OVARIAN and gynaecological cancers can be tough to talk about and tackle but Karen Livingstone hopes more lives can be saved by bringing the subject out into the open.
The 50-year-old Mentone resident is the CEO of Ovarian Cancer Australia, a cancer charity focused on raising awareness of gynaecological cancers and funding medical research, and co-founded the organisation with sister Nicole Livingstone, the former Olympics swimmer and now TV and radio sports presenter.
Karen’s leadership in improving outcomes for women diagnosed with gynaecological cancers was recognised this month with the award of this year’s Jeannie Ferris Cancer Australia Recognition Award.
The award is named in honour of the late Jeannie Ferris, Senator for South Australia, who was committed to raising awareness about gynaecological cancers. Senator Ferris was diagnosed with ovarian cancer in October 2005 and passed away in April 2007.
The Livingstone sisters know the pain losing loved ones to cancer causes. Their mother, Elsie, died in 2001 of ovarian cancer. Karen’s husband, Dave Grant, died of pancreatic cancer when aged 52 in 2010.
“What I’ve tried to do is create better information for people who are undertaking the journey,” Karen said.
“Survival rates need to be improved and that’s why I’m interested in research and sit on the board of the Australian New Zealand Gynaecological Oncology Group which is about improving clinical outcome for patients who are undertaking chemotherapy.”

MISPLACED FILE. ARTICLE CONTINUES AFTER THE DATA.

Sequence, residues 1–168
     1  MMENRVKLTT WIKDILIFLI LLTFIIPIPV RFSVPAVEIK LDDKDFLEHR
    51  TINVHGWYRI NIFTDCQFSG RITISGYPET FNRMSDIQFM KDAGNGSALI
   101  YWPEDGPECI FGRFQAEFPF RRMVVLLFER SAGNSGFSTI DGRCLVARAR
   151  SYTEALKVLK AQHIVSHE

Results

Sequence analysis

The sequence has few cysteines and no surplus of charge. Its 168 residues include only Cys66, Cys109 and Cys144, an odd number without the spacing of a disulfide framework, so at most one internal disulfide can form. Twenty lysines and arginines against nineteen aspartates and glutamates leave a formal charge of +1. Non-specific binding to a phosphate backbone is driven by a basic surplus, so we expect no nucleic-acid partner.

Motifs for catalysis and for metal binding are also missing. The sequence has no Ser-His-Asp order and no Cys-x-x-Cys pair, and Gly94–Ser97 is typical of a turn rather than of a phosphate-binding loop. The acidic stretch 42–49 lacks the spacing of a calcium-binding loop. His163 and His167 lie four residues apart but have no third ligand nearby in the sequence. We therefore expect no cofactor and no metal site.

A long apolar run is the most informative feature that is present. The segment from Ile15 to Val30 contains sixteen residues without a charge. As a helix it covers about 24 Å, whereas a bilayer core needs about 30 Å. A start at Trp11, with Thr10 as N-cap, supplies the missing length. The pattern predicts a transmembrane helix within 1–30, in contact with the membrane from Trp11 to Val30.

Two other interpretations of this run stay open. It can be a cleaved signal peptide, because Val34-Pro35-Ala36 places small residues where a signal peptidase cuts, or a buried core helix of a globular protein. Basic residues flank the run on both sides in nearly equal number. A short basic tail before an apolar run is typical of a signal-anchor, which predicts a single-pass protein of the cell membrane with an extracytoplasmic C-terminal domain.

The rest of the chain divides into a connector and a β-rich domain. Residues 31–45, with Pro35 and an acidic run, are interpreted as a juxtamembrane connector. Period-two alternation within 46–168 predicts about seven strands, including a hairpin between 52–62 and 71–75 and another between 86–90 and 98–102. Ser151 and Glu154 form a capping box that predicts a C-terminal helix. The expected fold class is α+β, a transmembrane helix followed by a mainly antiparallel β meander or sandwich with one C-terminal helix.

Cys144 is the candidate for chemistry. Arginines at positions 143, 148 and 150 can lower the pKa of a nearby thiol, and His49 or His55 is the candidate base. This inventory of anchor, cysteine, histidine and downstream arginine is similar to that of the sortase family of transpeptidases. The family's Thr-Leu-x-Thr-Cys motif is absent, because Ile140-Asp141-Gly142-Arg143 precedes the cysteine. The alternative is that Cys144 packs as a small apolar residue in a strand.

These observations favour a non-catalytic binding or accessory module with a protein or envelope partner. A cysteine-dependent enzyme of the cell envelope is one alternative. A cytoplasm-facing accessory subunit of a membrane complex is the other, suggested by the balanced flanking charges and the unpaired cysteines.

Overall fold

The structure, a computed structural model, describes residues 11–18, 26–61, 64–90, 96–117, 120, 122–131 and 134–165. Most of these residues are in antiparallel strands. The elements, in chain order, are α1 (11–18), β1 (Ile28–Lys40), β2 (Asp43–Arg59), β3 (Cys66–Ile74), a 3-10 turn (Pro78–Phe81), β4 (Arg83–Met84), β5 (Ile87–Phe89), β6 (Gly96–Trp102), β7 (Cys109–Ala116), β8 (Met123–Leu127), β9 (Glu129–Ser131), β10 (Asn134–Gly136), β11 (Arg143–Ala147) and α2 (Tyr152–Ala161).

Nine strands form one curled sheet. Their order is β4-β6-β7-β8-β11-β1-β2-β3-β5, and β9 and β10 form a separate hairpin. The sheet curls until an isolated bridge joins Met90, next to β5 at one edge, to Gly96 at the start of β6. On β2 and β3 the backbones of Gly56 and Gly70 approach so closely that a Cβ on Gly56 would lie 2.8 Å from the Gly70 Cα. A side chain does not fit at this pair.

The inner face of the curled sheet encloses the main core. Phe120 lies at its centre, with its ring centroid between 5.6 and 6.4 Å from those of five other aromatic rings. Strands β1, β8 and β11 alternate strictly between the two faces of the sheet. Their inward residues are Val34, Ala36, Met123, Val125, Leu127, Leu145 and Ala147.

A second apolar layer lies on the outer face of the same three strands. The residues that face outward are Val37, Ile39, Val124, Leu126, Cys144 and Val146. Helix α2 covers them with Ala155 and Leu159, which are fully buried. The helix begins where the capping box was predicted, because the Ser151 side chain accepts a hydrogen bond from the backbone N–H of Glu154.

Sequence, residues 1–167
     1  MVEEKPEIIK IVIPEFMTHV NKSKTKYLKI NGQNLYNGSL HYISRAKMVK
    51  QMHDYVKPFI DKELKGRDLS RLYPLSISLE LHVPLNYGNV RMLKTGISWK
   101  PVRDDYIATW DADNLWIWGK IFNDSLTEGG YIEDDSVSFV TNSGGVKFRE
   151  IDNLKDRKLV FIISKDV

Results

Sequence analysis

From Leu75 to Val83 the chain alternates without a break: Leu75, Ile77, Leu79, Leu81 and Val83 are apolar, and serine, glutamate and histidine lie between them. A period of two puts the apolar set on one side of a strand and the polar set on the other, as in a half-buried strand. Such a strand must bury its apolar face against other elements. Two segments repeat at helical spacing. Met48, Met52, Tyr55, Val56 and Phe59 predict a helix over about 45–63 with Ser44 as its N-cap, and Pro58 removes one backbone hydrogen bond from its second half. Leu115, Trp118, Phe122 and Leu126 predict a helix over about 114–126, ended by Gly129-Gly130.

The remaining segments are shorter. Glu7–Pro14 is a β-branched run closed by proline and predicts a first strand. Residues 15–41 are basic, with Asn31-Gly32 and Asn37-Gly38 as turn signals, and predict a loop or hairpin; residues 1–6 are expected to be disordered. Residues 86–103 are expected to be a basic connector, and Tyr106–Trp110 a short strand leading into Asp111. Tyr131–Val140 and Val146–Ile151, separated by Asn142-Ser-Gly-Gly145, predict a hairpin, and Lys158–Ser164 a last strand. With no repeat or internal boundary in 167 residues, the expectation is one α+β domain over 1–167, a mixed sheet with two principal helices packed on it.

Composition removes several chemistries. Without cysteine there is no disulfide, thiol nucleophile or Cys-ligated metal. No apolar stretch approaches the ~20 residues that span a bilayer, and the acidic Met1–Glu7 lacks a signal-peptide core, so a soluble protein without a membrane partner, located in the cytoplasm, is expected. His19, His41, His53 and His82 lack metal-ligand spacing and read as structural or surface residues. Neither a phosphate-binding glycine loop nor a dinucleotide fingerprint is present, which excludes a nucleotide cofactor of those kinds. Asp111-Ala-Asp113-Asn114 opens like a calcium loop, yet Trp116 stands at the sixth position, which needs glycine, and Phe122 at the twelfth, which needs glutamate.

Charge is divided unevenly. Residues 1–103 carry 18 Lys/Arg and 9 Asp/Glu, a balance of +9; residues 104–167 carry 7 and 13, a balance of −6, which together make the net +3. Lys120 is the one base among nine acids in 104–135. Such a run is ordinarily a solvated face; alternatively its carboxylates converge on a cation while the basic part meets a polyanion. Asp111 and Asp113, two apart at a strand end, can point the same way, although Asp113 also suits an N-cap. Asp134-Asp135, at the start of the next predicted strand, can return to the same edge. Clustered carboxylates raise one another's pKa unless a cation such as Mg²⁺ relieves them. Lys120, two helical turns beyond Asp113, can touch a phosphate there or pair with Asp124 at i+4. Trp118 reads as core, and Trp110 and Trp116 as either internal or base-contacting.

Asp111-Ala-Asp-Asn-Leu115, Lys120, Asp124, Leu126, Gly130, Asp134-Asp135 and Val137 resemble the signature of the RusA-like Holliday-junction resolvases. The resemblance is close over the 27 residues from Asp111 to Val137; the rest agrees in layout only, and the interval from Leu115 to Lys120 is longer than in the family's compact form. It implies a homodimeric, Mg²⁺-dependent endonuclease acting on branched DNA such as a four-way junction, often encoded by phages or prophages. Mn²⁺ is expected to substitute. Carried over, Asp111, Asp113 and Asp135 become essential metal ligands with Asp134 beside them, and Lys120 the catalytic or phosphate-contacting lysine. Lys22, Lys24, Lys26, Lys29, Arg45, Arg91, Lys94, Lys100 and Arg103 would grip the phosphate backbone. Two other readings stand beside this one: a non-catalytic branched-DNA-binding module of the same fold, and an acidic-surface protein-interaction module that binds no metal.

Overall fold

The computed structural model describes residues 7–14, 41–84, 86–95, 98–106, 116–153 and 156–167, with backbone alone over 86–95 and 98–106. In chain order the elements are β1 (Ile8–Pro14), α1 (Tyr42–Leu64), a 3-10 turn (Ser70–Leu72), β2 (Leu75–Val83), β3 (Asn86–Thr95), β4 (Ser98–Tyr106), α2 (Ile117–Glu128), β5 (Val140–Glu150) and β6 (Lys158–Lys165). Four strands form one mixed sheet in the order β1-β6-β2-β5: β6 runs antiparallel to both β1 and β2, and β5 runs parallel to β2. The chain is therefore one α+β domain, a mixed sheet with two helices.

Taking advantage of improving technologies is important to increase gynaecological cancer survival rates.
Early symptoms can be difficult to notice for many women.
“Each cancer has a different signal and signal. Ovarian cancer signs can include feeling bloated in the abdomen, feeling full and unable to eat or frequent urination,” she said.
“Women being busy as they are and being the centre of mothering in the family they usually put themselves last on the agenda … but it is important they get checked out.”
Karen and Nicole have both been diagnosed with a gene making them more susceptible to ovarian cancer so they will have their fallopian tubes and ovaries removed when they enter menopause amid increased surveillance in the meantime.
“My mother asked for some blood to be put away, that blood was tested and they did find there was a gene in the blood.
“Familial cancers can be an indication to seek early diagnosis.”
See Ovarian Cancer Australia’s website at ovariancancer.net.au for further information about possible symptoms.
Details of ANZGOG’s ‘Save the box’ campaign, aimed at raising funds for medical research, can be accessed at savethebox.org.au online.